A recent study published in the Journal of the American Medical Association found that nonsurgical treatment of periodontal disease does not improve glycemic control in patients with type 2 diabetes. Despite these results, the American Academy of Periodontology continues to encourage patients with diabetes to maintain periodontal health and receive appropriate treatment for any periodontal disease.More

Orthodontic treatment: Assessing patient readiness
Maintaining oral health during orthodontic treatment can be a challenge for both the patient and clinician. It is imperative that patients receive a comprehensive oral evaluation prior to the start of orthodontic care. This will allow for an assessment of the effectiveness of the patient's current oral hygiene practices. The clinician can also make a determination of whether the patient is willing and able to implement practices that will lead to the maintenance of gingival and tooth health throughout the course of treatment. During this evaluation, indices that measure oral hygiene should be integrated into the visit, and treatment modalities leading to a shift from a diseased to a healthy oral environment recommended.More

Obesity predicts periodontal therapy outcomes
Worldwide, obesity is becoming so prevalent that it can be characterized as an epidemic. It is a chronic health issue that affects more than 500 million people, according to the World Health Organization. The U.S. has a particularly high rate of obesity with more than one-third of the adult population falling into that category, according to the Centers for Disease Control and Prevention. And an increase in the rates of obesity domestically increased across all income and education levels between 1988-1994 and 2007-2008. (May require free registration to view article.)More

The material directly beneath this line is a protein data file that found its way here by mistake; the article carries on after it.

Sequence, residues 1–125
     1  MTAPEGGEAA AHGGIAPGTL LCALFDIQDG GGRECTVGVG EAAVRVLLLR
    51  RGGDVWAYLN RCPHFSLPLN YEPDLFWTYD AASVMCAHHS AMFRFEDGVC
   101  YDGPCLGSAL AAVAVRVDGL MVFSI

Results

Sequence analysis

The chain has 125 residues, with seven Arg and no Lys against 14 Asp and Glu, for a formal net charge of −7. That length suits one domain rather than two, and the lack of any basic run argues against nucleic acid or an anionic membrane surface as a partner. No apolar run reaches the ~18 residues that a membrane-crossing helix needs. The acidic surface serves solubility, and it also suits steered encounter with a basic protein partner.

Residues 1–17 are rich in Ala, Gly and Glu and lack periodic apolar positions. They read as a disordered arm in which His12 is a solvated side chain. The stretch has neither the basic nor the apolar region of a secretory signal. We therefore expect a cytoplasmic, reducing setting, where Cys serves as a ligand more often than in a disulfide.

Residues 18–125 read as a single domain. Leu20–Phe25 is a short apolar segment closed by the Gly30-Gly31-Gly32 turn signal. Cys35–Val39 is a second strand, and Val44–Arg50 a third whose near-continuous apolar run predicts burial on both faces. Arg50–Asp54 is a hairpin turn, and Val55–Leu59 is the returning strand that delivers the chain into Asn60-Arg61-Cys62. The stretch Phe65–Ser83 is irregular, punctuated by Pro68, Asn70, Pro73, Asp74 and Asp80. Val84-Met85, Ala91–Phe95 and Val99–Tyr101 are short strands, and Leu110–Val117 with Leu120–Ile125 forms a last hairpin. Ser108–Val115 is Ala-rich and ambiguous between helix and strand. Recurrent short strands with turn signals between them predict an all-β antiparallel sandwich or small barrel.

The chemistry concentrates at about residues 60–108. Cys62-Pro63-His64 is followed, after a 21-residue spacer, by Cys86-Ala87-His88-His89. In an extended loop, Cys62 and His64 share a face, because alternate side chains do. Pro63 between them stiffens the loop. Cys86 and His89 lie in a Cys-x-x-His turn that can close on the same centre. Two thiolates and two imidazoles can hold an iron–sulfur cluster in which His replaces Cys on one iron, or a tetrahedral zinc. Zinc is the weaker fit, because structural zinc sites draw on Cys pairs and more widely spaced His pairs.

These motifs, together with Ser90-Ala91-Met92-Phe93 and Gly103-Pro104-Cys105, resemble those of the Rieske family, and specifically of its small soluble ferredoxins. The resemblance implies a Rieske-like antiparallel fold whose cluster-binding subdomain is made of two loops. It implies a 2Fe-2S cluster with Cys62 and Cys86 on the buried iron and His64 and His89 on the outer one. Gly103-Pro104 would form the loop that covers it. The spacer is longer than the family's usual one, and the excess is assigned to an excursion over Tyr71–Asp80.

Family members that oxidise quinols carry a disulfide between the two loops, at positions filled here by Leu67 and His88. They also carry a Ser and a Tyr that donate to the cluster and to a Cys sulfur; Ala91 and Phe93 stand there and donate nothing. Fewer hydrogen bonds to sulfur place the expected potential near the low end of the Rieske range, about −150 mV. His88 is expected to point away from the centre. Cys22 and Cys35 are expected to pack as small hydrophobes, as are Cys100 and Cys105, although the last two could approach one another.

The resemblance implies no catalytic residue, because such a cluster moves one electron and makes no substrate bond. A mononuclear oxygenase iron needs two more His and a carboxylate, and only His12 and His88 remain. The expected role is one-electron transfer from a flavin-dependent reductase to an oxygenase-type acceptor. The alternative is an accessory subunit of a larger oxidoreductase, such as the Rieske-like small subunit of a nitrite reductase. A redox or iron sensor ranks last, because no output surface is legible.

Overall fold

The commodore, the toothache court-martial, and 'Moby Dick'
In 1849, with the ship St. Mary's, part of the U.S. Navy's Pacific Squadron, lying at anchor at the port of Callao, Peru, Lt. Fabius Stanly suffered "acutely from 'neuralgia' in the face." He thought that removing a tooth would alleviate the pain in his face and temple. After consulting with the ship's surgeon, who agreed the experimental extraction might work but didn't have the necessary instrumentation, Stanly was told to try the surgeon aboard the Ohio, the flagship of the squadron. The surgeon there didn't have the right tool either and advised Stanly to go "on shore and have the tooth extracted [by a dentist]." (May require free registration to view article.)More

Are there enough doctors for the newly insured?
According to the Health Resources and Services Administration, the federal agency charged with improving access to healthcare, nearly 20 percent of Americans live in areas with an insufficient number of primary-care doctors. Sixteen percent live in areas with too few dentists and a whopping 30 percent are in areas that are short of mental health providers. Under federal guidelines, there should be no more than 3,500 people for each primary-care provider; no more than 5,000 people for each dental provider; and no more than 30,000 people for each mental health provider.More